The goal of this study was to determine the outcome of patients undergoing an elective frozen elephant trunk (FET) procedure as a redo operation following previous cardiac surgery.
One hundred and eighteen consecutive patients underwent FET procedures between October 2010 and October 2019 at our centre. Patients were registered in a dedicated database and analysed retrospectively. Clinical and follow-up characteristics were compared between patients undergoing a FET operation as a primary (primary group) or a redo procedure (redo group) using logistic regression and Cox regression analysis. Emergency procedures (n = 33) were excluded from the analysis.
A total of 36.5% (n = 31) of the FET procedures were redo operations (redo group) and 63.5% (n = 54) of the patients underwent primary surgery (primary group). There was no significant difference in the 30-day mortality [primary group: 7.4%; redo group: 3.2%; 95% confidence interval (CI) (0.19–35.29); P = 0.63] and the 3-year mortality [primary group: 22.2%; redo group: 16.7%; 95% CI (0.23–3.23); P = 0.72] between redo and primary cases. Furthermore, the adjusted statistical analysis did not reveal significant differences between the groups in the occurrence of transient or permanent neurological deficit, paraplegia, acute renal failure and resternotomy. The redo group showed a higher rate of recurrent nerve palsy, which did not reach statistical significance [primary group: 3.7% (n = 2); redo group: 19.4% (n = 6); P = 0.091].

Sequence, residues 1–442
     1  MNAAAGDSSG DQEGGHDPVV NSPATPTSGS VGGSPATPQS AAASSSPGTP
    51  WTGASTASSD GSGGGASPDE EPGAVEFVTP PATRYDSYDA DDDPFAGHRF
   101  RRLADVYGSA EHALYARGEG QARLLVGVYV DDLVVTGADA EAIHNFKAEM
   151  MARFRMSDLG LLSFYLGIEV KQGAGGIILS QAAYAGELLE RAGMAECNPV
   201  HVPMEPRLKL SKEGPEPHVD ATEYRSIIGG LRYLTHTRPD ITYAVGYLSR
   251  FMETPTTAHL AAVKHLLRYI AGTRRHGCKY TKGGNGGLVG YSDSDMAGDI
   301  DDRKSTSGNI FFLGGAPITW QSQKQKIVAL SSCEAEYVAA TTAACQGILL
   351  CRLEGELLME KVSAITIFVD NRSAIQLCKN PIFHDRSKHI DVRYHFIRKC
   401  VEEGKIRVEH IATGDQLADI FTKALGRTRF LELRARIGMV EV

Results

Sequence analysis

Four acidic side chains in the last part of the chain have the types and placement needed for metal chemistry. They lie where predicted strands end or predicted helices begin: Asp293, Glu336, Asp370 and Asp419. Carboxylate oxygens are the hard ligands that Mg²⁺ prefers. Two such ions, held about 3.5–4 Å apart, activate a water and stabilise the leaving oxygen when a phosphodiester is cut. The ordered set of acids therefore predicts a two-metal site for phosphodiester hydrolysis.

Elective FET procedures as redo operations performed by a dedicated aortic team following previous cardiac surgery demonstrate an adequate safety profile.